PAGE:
Building golf courses in valleys can be a mixed bag. On one hand they can offer elevated surrounding views and generally some kind of water at the bottom to play against. On the other hand, adequate width may be lacking, holes can be forced into unimaginative out-and-back configurations, low areas are prone to flooding and, given the environmental sensitivities of natural waterways, those lakes and streams might be off limits to golf holes.
Limestone Springs, 30 minutes northeast of Birmingham, touches on all these elements. Designed by Alabama native Jerry Pate and set in a narrow valley between Sand and Red Mountains, the holes straddle several creeks beneath a double-sided backdrop of Appalachian foothills.
The lovely property is almost completely isolated in woods and stretches up and down the valley floor, loading up the two basins at either end with the majority of golf.
Crump Branch and Limestone Springs Branch are beautiful running water assets that enter play on a number of holes, most effectively on two par-5’s, 8 and 11, where the streams cross the fairway through the second-shot landing areas.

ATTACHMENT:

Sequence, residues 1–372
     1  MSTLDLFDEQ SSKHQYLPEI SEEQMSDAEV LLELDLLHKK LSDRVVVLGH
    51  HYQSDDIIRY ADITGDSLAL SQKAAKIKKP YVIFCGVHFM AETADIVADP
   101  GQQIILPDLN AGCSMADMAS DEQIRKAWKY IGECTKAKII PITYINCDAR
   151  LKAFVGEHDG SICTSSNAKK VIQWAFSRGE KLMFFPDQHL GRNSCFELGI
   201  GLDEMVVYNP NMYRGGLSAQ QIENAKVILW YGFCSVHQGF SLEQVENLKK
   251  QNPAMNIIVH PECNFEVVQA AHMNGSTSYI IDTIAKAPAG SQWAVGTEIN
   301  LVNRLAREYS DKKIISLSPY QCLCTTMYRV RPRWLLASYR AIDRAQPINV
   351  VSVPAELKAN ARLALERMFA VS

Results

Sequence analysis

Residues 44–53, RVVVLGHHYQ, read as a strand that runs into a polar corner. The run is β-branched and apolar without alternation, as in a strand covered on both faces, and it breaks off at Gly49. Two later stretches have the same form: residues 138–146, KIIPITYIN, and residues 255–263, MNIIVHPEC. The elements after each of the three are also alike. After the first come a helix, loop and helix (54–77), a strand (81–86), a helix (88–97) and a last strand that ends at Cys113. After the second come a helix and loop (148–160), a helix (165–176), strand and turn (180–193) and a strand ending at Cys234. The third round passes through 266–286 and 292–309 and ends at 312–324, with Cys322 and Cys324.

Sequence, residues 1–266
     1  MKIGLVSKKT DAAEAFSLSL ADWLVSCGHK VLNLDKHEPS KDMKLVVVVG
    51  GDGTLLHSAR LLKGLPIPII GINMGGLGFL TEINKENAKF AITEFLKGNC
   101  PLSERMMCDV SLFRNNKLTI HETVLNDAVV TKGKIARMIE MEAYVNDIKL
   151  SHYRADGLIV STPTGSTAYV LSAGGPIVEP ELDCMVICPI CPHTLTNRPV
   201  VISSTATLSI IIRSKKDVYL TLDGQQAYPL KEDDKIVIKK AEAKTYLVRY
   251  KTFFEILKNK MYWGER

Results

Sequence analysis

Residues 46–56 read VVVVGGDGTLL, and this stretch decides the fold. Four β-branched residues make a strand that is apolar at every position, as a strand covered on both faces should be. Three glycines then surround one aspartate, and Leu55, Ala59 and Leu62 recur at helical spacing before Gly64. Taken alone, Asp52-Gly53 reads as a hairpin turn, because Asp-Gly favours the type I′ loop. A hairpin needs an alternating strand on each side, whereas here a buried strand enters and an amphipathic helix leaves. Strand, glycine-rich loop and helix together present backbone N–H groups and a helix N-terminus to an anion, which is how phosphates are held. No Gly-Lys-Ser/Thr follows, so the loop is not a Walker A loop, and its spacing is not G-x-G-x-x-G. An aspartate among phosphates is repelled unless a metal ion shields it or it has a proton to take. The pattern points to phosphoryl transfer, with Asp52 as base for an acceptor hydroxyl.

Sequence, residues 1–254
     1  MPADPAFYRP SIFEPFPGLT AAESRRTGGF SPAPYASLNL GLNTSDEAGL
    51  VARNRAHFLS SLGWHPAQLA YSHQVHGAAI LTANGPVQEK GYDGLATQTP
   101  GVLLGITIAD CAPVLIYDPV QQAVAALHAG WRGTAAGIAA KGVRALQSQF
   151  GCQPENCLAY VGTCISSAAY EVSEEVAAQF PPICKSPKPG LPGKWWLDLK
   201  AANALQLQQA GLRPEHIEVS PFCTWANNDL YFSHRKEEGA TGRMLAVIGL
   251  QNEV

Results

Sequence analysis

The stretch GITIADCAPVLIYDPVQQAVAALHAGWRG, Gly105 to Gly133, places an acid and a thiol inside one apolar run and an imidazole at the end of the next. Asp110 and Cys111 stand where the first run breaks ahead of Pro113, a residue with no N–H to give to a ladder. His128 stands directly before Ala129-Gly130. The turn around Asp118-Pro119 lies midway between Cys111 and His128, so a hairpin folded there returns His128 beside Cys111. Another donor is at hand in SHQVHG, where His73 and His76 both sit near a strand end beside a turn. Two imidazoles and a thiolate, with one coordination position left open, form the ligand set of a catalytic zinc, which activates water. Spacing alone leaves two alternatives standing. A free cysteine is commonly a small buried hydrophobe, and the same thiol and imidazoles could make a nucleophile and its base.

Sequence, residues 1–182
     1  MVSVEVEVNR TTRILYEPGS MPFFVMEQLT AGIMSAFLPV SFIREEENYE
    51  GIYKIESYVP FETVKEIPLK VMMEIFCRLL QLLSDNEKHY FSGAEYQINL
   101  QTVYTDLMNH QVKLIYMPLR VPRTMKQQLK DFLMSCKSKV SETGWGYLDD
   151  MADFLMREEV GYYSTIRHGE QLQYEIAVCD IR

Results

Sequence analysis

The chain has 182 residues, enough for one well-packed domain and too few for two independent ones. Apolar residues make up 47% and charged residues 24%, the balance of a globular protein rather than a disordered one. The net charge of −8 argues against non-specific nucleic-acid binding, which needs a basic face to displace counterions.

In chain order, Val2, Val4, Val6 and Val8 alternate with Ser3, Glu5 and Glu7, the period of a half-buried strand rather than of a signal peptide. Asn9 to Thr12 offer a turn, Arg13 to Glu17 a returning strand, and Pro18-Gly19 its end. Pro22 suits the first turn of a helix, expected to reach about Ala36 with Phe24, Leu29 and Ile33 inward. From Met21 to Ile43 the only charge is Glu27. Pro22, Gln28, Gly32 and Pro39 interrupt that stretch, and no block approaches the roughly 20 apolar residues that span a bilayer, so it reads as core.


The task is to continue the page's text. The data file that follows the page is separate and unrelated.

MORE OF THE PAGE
Yet its a shame they weren’t used more consistently to greater strategic or emotional impact, nestling closer to where you want to hit your ball rather than lurking where you don’t. That could be due to certain regulations, but the creeks were dammed to create three small lakes, so maybe that wasn’t an issue.
There’s a beautiful run of holes from 11 green through 14, including the scenic par-3 12th near Crump Branch and the 317-yard 13th that demands the green be moved down to a nook behind an elbow in the creek. The bunkering at the par-5 16th is first class, though on some holes, like the 5th, it’s perplexing: I’m pretty sure only a U.S. Open champion would place two bunkers blocking the front landing area of a 220-yard par-3, even if it does play slightly downhill (86).
Architect: Jerry Pate